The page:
Say Goodbye to Leather: The Digital Wallet Is Here to Stay
The way humans store cash has changed over time. But from coin purses to leather wallets, we have always found ways to store money safely on our person. The newest wallet can be found on a small, rectangular device owned by many people – also known as the smartphone.
Ketan Parekh, Managing Director for Financial and Insurance Services at Fujitsu UK, comments on the emerging trends of the payments marketplace.
Digital wallets were already on the rise, but COVID-19 has accelerated this transformation. Consumers have been encouraged to limit contact by purchasing digitally, leading to changes such as an increase in the contactless spending limit.
And as digital and contactless payments become normalised, the move away from physical payments will happen seamlessly. It’s estimated that about a quarter of UK citizens will make at least one payment via a smartphone in 2023 – a figure that is only set to rise as time goes on. The UK may just be taking baby steps towards a digital-first future in banking.
A more streamlined payments service
People are more digitally savvy than ever. Therefore, slick payment experiences are not viewed as a luxury but are expected. And the speed and convenience that a digital wallet provides has always been an attractive proposition.
In fact, our research found that while security concerns were a key reason for consumers not adopting digital banking services, nearly a third (29%) of British consumers said they prioritise speed over security when it comes to completing transactions or transfers. Therefore, it is important that digital wallets are developed with security front-of-mind.
And many modern digital wallets already do provide good security. Biometric payment verification, used on most smartphone devices, is a much more secure way of paying than contactless on a credit or debit card.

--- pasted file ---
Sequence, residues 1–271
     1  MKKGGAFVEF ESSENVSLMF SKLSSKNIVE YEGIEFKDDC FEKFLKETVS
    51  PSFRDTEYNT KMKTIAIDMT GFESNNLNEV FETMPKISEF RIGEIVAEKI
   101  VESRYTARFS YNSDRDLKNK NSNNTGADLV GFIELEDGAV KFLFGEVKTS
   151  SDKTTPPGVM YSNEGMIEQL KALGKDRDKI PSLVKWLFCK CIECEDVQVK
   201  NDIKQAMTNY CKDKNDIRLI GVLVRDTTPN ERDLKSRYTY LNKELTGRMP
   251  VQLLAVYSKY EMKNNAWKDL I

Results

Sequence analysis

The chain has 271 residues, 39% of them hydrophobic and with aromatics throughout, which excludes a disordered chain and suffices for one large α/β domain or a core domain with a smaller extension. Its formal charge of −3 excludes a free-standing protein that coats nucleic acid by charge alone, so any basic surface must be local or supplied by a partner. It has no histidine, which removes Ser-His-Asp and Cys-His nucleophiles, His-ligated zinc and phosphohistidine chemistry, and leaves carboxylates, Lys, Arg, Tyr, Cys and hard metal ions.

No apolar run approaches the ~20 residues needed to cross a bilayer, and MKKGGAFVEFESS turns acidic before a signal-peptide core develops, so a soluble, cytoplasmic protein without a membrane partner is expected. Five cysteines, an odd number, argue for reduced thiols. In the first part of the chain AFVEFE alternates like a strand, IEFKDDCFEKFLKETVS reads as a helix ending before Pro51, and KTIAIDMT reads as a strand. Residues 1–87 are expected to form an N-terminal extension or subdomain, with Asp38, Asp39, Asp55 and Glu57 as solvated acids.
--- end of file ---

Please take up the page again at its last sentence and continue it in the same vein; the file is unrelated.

While biometric credit cards are being developed by some banks, smartphone digital wallets provide ready-made fingerprint and facial recognition technology, which limits the risk of fraud and theft.
Who’s leading this change?
Organisations need to take note of the shift in consumer attitudes towards digital wallets if they want to be at the forefront of the transition – especially as there’s an increasing opaqueness in who is providing the payment services with many digital wallets. Take ApplePay: as a consumer you may see your bank’s name on the screen, but the Apple phone is, in fact, making the payment.
This allows these companies to benefit from the underlying customer data they receive, giving them a chance to control the payments marketplace.
Indeed, the rise in digital wallets has led to new, non-traditional players entering the finance industry. Apple has created its own credit card, while Facebook is still looking into developing a cryptocurrency and digital wallet on the platform – just two examples of how tech giants have entered the market.
Traditional banks should remain aware of this new competition. They command consumer trust – with over a third (36%) trusting them entirely but that does not make them invincible and new challengers will continue to emerge. And while new players don’t yet control the payments marketplace, there is certainly the potential for them to take the lead.
The market is about to become more convoluted than ever. And as wallets move increasingly digital, consumers may begin to go with the service that provides them with the best digital experience, over those they trust the most.
A digital-first future
Before COVID-19, banking was already transitioning from traditional payments to a digital-first means of spending. The pandemic has only accelerated that shift. And as consumers get more comfortable with spending via digital wallets, banks will need to consider how they are supporting the technology if they are to deliver the experiences that customers are demanding.